The hit to global growth and trade from the coronavirus pandemic will not be as bad as previously feared, although the recovery remains highly fragile, the International Monetary Fund (IMF) and World Trade Organization (WTO) have said.
IMF chief Kristalina Georgieva said the international organisation would make a “small” upgrade to its prediction that the global economy will shrink a record 4.9 per cent this year.
In a separate update, the WTO said global merchandise trade would fall by 9.2 per cent this year. Although still a huge contraction, the new figure was a big improvement on a previous estimate that trade might fall by 13 to 32 per cent.
However, both organisations had warnings about the economy. Speaking at a London School of Economics online event, Georgieva said countries must not “withdraw support prematurely”. She warned that the economic “calamity is far from over”.
The WTO said that trade could slow dramatically “if there is a resurgence of Covid‑19 in the fourth quarter”.
Major economies around the world contracted at a record pace in the second quarter of the year.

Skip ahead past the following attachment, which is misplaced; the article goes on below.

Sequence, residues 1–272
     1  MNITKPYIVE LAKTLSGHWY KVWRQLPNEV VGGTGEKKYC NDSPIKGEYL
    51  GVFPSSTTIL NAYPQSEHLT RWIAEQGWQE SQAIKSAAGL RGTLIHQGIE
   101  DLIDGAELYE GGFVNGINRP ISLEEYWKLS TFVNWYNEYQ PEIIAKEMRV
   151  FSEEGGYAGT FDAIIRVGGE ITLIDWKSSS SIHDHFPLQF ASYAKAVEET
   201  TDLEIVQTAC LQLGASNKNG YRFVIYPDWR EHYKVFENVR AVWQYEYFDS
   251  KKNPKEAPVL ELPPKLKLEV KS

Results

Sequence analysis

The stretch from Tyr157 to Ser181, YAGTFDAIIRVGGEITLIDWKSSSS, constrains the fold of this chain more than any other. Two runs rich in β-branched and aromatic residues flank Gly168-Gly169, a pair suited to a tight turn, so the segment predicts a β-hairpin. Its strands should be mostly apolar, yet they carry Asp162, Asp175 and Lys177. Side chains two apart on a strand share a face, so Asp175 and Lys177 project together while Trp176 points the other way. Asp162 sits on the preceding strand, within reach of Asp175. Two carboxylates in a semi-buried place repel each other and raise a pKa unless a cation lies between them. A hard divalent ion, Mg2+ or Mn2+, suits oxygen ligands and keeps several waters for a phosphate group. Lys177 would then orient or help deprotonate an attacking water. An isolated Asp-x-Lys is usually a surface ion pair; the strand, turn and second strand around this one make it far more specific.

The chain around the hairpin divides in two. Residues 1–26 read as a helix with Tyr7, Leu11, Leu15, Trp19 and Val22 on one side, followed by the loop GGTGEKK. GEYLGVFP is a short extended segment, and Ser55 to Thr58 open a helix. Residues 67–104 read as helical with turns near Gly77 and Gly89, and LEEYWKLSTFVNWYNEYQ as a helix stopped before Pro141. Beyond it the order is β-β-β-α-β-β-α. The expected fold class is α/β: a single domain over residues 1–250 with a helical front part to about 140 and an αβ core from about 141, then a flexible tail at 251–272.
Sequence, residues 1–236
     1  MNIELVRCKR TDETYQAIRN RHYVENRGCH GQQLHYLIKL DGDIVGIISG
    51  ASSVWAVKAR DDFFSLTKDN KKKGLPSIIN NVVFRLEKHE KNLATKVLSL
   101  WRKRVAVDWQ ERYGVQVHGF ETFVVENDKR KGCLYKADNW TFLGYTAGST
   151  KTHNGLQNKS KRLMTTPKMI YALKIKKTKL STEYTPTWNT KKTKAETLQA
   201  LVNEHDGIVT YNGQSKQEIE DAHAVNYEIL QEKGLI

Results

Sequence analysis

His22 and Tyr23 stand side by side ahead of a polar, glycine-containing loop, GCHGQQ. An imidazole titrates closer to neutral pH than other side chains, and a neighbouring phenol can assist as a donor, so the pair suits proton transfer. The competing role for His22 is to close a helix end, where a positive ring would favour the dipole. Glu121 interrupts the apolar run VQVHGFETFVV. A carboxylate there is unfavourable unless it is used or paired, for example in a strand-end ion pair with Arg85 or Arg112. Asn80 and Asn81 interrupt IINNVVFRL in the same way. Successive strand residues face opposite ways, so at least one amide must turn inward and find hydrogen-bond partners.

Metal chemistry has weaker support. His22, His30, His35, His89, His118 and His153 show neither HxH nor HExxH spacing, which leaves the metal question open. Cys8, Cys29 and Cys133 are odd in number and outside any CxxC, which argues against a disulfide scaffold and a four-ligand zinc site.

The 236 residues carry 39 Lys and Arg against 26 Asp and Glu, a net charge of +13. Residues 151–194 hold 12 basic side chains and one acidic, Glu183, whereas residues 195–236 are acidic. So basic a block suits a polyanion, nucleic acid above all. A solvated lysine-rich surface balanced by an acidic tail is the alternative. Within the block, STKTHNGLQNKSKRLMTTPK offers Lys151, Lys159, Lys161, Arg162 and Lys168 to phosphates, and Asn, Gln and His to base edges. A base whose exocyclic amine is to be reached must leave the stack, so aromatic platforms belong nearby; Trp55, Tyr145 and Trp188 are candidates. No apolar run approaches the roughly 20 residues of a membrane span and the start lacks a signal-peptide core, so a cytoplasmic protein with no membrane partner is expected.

Global picked up sharply in the third quarter, with China a particular bright spot. But now rising coronavirus cases and new lockdowns threaten to slow the recovery.
‘Calamity not over’ for global economy
Georgieva said her “key message” was that “the global economy is coming back from the depths of this crisis”.
Yet she added: “This calamity is far from over. All countries are now facing what I would call ‘the long ascent’, a difficult climb that will be long, uneven, and uncertain. And prone to setbacks.”
Addressing governments, she said: “We are very clear in the message we are communicating to not withdraw support prematurely.
The head of the global lender of last resort said: “If we do so, then we risk massive bankruptcies and massive unemployment.”
The WTO said: “Strong trade performance in June and July have brought some signs of optimism for overall trade growth in 2020.” It said trade should grow by 7.2 per cent in 2021.
Yet it said: “These estimates are subject to an unusually high degree of uncertainty since they depend on the evolution of the pandemic.”